Great Lakes water level sensitive to climate change

Jan 13, 2009

The water level in the Great Lakes has varied by only about two meters during the last century, helping them to play a vital role in the region's shipping, fishing, recreation and power generation industries.

But new evidence by scientists from the University of Rhode Island and colleagues in the U.S. and Canada, published last month in the journal Eos, indicates that the water level in the lake system is highly sensitive to climate changes.

"In the distant past, there were great fluctuations in the water level of the Great Lakes, but it was thought to have been related entirely to the advance and retreat of the glaciers," said URI geological oceanographer John King, who led the study with URI visiting scientist Michael Lewis, emeritus scientist with the Geological Survey of Canada. "But the last time lake levels fell dramatically - down to 20 meters below the basin overflow outlets - it was due to dry climate conditions."

That event, which occurred between 7900 and 7500 years ago in the early Holocene period, caused the lakes to become disconnected as their overflow rivers, including the Niagara River, ran dry.

"People used to say that the oceans are so big, we can dump whatever we want in them and nothing will happen," said King. "They thought of the Great Lakes in the same way, that the system is too large to be sensitive to climate variations. But now we know that to be untrue. We've demonstrated that at least once in the last 10,000 years, climate drove the lake levels down pretty substantially."

Researchers had long assumed that the Great Lakes had been "hydrologically open" and connected since their formation 16,000 years ago during the retreat of the last ice sheet, but recent evidence has found this to be false. Ancient shorelines, submerged beaches, and tree stumps on the floor of some lakes indicate that the water line had been as much as 20 meters below the present lake level.

"We had a multi-proxy approach to this study, and through many lines of evidence we identified this as a dry interval with a climactic cause as opposed to a glacial-related cause," King said.

The climate and water levels in the Great Lakes region are determined by the interplay of three air masses: dry, cold Arctic air from the North, dry warm Pacific air from the West, and warm, moist tropical air from the Gulf of Mexico. The scientists found that during the period when lake levels receded significantly, the dry air from the Arctic and Pacific was dominant. Later, when precipitation from the tropical air mass became more frequent, the Great Lakes began to flow from one to another as they do today.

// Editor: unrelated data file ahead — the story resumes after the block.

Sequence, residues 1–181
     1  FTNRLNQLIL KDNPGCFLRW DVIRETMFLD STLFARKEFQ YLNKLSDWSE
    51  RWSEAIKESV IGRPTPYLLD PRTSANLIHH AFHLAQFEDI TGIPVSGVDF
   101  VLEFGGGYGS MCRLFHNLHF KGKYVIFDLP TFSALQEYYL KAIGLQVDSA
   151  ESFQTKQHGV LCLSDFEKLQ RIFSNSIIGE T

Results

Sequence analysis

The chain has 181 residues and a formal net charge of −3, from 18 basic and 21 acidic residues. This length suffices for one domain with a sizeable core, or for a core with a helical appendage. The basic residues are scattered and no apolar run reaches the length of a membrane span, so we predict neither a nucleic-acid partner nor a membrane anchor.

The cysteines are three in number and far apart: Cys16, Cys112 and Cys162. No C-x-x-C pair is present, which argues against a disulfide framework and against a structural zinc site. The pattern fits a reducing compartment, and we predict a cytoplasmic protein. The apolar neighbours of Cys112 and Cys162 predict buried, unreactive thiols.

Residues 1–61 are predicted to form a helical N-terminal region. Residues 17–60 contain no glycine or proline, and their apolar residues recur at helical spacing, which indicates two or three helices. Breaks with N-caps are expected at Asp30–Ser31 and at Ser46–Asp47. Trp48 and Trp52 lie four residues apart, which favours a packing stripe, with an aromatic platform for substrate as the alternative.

King worries about the economic impact to the Great Lakes region if the present climate changes lower water levels significantly. Navigation, water usage and hydropower would be severely affected.

"The climate interval that occurred back then is different from what we're going through now," King said. "It would take a pretty big change to close the basins again. But the sorts of temperatures and precipitation amounts that happened then are within the range of what is predicted for 2100. In the worst-case scenarios, a lot of things become possible.

"The range of lake-level changes that are likely to happen in the next 100 years is probably larger than the range of levels observed during the last century," he added.

Source: University of Rhode Island

Explore further: Rising anger as Nicaragua canal to break ground

add to favorites email to friend print save as pdf

Related Stories

Great Lakes water level slump over, future unclear

Dec 10, 2014

Scientists say the longest period on record of abnormally low Great Lakes water levels has ended, but it's uncertain whether the recovery is temporary or the beginning of a new long-term trend.

Reconstructing the African humid period

Dec 05, 2014

During the end of the last ice age, there were dramatic changes in rainfall across a vast swath of Africa. As the world's large ice sheets receded in northern and southern latitudes, rainfall in much of Africa ...

Recommended for you

Rising anger as Nicaragua canal to break ground

15 hours ago

As a conscripted soldier during the Contra War of the 1980s, Esteban Ruiz used to flee from battles because he didn't want to have to kill anyone. But now, as the 47-year-old farmer prepares to fight for ...

Hopes, fears, doubts surround Cuba's oil future

Dec 20, 2014

One of the most prolific oil and gas basins on the planet sits just off Cuba's northwest coast, and the thaw in relations with the United States is giving rise to hopes that Cuba can now get in on the action.

New challenges for ocean acidification research

Dec 19, 2014

Over the past decade, ocean acidification has received growing recognition not only in the scientific area. Decision-makers, stakeholders, and the general public are becoming increasingly aware of "the other carbon dioxide ...

User comments : 0

Please sign in to add a comment. Registration is free, and takes less than a minute. Read more

Click here to reset your password.
Sign in to get notified via email when new comments are made.